TABLE 14______________________________________ Specific VolumetricExpressing Activity ActivityOrganism Plasmid (nmol/min/mg) (nmol/min/L)______________________________________Xanthobacter agilis none 63.0a 3465aEscherichia coli pZPA400 0.96b 438bStreptomyces pZPA600 748.8b 76,378blividans______________________________________ Specific activity units of enzyme/mg total protein Volumetric activity units of enzyme/liter of whole broth Unit of enzyme amount of enzyme that converts one nanomole of substrate in one minute Phthalyl amidase is cellbound for both Xanchobacter agilis and Escherichi coli; for Streptomyces lividans phthalyl amidase is secreted into the culture medium. a Method of release by sonication as in Example 4A. See also Example 4B where method of release by lysozyme treatment. b Method of assay as in Example 5.
Use of recombinant phthalyl amidase to remove the phthalyl blocking group from phthalamido carbacephem
Activity was assayed by the addition of phthalyl amidase (30 μl of Mono Q fraction 19 from Example 14, 1.83 μg total protein) to 1.82 μg of compound III in a 1 ml reaction mixture buffered by 200 mM potassium phosphate, pH 8.2. The reaction was carried out at 32° C. for 20 minutes and stopped with the addition of 1 ml methanol. After removal of precipitate by centrifugation, an aliquot (30 μl ) of the supernatant fraction was monitored by HPLC (254 nm absorbance) for both the carbacephem nucleus (XXXIV) and phthalic acid using a Zorbax C8 column (0.46×15 cm; MacMod Analytical Inc.). The reaction products were eluted by a mobile phase constructed as continuous mixed gradients from (a) 1% acetonitrile/0.2% trifluoroacetic acid and (b) 80% acetonitrile/0.2% trifluoroacetic acid. The above substrate, loracarbef nucleus, and phthalic acid eluted at 11.0, 3.4, and 5.9 minutes, respectively. HPLC peaks were identified and quantitated using data generated by known amounts of authentic compounds. The specific activity of recombinant phthalyl amidase derived from fraction 19 for conversion of substrate was 9.5 μmol/min/mg protein.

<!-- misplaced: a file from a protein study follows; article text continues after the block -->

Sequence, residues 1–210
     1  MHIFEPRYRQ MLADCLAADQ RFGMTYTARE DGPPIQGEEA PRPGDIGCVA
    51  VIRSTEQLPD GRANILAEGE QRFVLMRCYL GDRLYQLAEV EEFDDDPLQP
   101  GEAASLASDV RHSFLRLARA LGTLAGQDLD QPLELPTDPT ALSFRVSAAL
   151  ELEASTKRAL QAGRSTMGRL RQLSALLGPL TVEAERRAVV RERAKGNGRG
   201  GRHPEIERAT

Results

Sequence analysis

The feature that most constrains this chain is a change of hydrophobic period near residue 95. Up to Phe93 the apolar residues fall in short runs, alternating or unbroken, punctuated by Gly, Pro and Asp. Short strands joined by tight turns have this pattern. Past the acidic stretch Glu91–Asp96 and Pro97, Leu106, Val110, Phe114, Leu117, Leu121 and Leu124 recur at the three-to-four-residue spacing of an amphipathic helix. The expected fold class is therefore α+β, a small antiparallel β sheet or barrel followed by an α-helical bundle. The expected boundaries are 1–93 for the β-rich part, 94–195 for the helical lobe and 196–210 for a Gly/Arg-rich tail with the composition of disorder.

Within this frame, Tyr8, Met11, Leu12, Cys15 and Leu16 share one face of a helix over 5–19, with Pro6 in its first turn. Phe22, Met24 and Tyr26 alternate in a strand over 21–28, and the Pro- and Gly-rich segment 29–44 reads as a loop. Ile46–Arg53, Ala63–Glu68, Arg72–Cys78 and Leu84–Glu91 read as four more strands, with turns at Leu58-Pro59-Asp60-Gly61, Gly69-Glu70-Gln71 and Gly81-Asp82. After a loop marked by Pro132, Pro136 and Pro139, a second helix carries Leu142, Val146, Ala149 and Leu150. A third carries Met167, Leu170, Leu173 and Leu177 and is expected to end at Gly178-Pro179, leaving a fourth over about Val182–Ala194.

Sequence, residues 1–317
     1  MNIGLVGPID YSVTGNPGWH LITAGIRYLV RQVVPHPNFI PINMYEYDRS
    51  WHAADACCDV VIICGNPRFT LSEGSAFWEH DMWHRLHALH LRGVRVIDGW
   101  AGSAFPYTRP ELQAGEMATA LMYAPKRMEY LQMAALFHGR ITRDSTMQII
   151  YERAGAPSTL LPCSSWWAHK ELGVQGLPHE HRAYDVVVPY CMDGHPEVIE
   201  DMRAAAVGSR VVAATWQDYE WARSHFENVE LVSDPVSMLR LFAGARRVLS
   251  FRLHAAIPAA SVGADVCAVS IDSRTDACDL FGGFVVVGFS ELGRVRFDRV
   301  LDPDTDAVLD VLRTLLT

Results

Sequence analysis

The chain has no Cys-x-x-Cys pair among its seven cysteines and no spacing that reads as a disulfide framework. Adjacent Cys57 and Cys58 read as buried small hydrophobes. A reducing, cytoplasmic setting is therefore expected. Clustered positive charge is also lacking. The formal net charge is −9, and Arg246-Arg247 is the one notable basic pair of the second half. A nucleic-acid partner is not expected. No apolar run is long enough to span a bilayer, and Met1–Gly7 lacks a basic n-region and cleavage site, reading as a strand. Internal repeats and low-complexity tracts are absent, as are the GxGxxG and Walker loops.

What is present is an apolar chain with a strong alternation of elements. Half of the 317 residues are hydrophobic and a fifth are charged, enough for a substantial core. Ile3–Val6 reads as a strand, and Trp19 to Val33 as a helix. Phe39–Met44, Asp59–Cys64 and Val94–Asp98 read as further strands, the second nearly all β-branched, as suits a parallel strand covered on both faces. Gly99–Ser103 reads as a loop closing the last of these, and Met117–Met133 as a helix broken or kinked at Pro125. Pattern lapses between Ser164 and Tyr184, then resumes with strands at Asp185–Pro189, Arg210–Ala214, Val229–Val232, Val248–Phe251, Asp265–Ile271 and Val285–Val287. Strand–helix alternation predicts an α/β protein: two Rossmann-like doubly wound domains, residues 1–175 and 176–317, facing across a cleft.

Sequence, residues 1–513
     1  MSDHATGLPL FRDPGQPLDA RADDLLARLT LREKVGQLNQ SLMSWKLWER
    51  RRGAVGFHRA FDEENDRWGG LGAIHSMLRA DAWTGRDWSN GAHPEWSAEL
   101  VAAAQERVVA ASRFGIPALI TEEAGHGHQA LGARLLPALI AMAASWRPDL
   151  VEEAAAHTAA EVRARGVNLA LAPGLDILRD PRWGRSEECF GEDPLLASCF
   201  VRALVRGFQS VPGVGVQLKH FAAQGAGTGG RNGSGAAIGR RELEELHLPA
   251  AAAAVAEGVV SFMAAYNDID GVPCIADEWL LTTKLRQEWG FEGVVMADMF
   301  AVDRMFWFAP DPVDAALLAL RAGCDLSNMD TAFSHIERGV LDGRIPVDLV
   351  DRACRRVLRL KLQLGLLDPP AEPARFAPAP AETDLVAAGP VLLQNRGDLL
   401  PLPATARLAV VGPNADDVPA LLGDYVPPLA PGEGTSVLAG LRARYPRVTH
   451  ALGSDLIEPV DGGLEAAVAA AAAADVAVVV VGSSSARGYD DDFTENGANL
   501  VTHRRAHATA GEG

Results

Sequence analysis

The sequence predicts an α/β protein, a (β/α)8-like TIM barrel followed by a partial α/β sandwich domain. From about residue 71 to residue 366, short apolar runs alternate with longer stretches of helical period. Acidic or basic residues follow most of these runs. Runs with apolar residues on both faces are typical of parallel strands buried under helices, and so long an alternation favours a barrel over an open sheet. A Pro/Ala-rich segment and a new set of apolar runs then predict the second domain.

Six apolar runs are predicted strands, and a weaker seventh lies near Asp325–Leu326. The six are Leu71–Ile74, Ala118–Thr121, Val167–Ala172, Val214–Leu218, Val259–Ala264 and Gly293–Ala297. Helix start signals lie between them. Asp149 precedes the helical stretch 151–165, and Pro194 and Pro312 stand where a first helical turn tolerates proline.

Use of recombinant phthalyl amidase to remove the phthalyl blocking group from phthalimido-aspartame
In the synthesis of aspartame, the bivalent protection of the amino group of L-aspartic acid via a phthalimido moiety gives a superior substrate for a lyase-catalyzed condensation with L-phenylalanine methyl ester. However, an efficient method to convert the phthalimido-protected compound back to the amine was previously lacking. Following the condensation reaction, mild base was used to open the phthalimido moiety to a phthalamido moiety and recombinant phthalyl amidase was then used to catalyze hydrolysis of the latter to aspartame and phthalic acid (see Table 10).